Bullock Remembered at
Texas History Museum Dedication
AUSTIN - Members of the Senate gathered Friday to remember a giant figure in the state's history at the dedication of the Texas history museum that bears his name.
President George W. Bush and first lady Laura Bush were among the dignitaries who gathered to pay tribute to former Lt. Governor Bob Bullock at the invitation-only ceremony on the plaza of the Bob Bullock Texas State History Museum just north of the Capitol.
"He's been called the last of a breed. And it's true that politics has changed," President Bush said. "Let's just hope it doesn't change too much. We'll always need his kind of strength and toughness and shrewd wisdom."
The museum celebrates unique objects of Texas. Among the exhibits is a 1940-vintage AT-6 "Texan" airplane, a full-scale windmill and the original Goddess of Liberty Statue from the top the Capitol dome.
The museum also boasts a 400-seat IMAX theater with a six-story screen. Another feature of the museum is "Destination Texas History," an interactive program that directs visitors to more than 400 history-related sites around the state.
"This is really a fine museum. Laura and I were honored to be able to tour it," Bush said. "It is magnificent. Everybody in Texas needs to come and see it."
Bullock was the 38th lieutenant governor of Texas. He served two terms as the presiding officer of the Senate from 1991 to 1999. Considered one of the great Texas political leaders of the 20th Century, Bullock has been compared to former U.S. House Speaker Sam Rayburn and President Lyndon B. Johnson.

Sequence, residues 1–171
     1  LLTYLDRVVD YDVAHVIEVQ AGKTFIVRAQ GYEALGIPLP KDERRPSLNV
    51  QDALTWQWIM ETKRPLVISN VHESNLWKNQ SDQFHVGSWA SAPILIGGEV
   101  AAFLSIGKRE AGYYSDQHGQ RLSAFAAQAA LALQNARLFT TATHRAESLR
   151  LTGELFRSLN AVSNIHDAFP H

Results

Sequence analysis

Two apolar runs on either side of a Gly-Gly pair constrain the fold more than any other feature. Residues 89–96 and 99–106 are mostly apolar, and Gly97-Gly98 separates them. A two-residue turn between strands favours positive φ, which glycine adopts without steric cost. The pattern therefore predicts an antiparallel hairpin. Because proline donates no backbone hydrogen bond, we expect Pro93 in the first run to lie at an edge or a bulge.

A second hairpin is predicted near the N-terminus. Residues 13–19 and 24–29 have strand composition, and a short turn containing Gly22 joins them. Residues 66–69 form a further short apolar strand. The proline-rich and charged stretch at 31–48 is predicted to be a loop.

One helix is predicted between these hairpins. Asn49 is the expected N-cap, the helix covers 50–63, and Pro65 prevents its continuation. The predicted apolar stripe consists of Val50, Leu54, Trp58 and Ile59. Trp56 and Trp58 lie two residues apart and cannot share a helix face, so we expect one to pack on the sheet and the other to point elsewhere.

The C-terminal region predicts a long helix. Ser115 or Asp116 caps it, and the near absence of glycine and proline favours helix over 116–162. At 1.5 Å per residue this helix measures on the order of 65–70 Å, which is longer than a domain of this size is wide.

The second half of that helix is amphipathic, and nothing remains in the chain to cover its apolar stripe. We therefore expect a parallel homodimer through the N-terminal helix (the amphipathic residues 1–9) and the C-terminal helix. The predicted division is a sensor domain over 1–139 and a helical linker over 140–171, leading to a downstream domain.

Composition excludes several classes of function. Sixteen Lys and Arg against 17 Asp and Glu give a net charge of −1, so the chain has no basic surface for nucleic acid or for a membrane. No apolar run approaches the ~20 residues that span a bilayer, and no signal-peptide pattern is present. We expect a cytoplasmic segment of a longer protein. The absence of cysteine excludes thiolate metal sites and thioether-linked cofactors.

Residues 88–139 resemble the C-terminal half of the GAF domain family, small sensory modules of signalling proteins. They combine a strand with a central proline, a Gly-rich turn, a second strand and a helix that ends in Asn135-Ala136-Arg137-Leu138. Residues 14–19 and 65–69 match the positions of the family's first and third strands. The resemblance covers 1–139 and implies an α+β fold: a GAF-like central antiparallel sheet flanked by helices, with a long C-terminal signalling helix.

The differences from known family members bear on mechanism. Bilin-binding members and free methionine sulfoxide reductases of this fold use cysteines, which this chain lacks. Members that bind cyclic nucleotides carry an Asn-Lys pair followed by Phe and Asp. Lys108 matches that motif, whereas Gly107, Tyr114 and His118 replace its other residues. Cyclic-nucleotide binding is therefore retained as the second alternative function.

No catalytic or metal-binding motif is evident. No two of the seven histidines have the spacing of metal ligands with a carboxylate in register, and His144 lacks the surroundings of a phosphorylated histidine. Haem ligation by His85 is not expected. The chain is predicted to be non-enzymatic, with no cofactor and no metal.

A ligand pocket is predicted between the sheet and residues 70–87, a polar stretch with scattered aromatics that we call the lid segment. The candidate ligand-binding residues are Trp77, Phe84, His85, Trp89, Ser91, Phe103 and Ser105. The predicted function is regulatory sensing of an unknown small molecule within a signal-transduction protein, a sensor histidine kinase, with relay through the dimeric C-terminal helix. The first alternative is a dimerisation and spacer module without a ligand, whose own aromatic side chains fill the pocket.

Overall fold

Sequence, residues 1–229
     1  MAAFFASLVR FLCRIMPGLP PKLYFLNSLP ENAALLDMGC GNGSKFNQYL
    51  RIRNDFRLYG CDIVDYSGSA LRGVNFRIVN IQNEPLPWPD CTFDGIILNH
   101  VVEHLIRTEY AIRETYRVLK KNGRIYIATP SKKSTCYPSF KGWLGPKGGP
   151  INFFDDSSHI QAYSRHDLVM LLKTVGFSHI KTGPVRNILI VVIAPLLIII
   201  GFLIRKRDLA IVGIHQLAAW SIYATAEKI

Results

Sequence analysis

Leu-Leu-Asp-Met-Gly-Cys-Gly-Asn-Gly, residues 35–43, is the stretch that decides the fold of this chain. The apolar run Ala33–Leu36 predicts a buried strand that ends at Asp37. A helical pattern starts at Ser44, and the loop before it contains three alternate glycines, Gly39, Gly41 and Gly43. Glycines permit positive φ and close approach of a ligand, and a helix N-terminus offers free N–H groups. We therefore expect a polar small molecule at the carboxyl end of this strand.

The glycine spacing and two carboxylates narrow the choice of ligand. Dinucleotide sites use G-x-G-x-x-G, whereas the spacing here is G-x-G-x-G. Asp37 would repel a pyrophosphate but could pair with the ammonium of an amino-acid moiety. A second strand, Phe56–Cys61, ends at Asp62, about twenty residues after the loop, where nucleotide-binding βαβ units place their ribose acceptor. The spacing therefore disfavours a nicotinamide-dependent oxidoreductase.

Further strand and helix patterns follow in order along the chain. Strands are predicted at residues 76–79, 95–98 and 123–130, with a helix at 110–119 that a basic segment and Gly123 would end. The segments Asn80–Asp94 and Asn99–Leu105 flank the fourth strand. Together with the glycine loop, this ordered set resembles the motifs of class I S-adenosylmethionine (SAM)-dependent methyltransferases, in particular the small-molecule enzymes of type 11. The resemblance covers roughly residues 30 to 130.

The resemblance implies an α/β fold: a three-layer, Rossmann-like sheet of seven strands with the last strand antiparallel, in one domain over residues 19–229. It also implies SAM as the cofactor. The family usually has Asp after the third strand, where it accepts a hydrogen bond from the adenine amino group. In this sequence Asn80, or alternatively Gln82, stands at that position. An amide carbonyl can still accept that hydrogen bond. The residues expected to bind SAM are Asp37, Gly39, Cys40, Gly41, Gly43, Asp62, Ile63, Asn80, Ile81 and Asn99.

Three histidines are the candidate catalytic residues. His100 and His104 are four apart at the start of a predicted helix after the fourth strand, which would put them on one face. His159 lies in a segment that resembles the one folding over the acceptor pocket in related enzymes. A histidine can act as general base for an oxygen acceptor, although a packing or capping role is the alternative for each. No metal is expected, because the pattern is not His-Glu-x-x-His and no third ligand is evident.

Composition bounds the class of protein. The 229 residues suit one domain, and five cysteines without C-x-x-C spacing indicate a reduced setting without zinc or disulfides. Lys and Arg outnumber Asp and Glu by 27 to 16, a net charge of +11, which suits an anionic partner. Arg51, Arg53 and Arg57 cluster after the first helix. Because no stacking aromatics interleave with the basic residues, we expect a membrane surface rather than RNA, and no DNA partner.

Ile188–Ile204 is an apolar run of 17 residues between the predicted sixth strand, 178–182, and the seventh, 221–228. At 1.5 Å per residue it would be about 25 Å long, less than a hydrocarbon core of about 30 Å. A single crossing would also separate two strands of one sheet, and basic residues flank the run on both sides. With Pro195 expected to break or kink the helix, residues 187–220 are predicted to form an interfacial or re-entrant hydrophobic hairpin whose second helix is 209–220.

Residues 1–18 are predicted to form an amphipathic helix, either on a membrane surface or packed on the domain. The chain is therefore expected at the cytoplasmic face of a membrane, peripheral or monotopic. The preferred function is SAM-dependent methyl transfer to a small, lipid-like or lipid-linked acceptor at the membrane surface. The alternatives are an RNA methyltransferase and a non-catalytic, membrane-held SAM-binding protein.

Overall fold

His career in Texas government spanned almost 40 years. He was elected to the Legislature in the late 1950s before going on to serve as Secretary of State and Comptroller of Public Accounts. Bullock retired in 1999 and died June 18, 1999. He is buried in the Texas State Cemetery in Austin.
Bullock's achievements and contributions to Texas are well documented, but he is equally known for his fiery disposition.
"When I heard that there was going to be a statue of Bob Bullock that would be eight feet tall, the first thing that occurred to me was, an eight-foot Bob Bullock was a scary thought," said Lt. Governor Bill Ratliff. "But then I realized that the sculpture actually captured Bob Bullock because his size in this sculpture exemplifies that Bob Bullock himself was a superlative."
The public is invited to the museum for its grand opening celebration tomorrow. Activities including live music, storytelling, historical re-enactments and demonstrations are planned from 9 a.m. to 6 p.m. The Bob Bullock Texas State History Museum is located at the intersection of Martin Luther King, Jr. Boulevard and North Congress Avenue in Austin. For more information about the museum please go to http://www.tspb.state.tx.us/tspb/tSHM/Home/Home.htm on the Internet.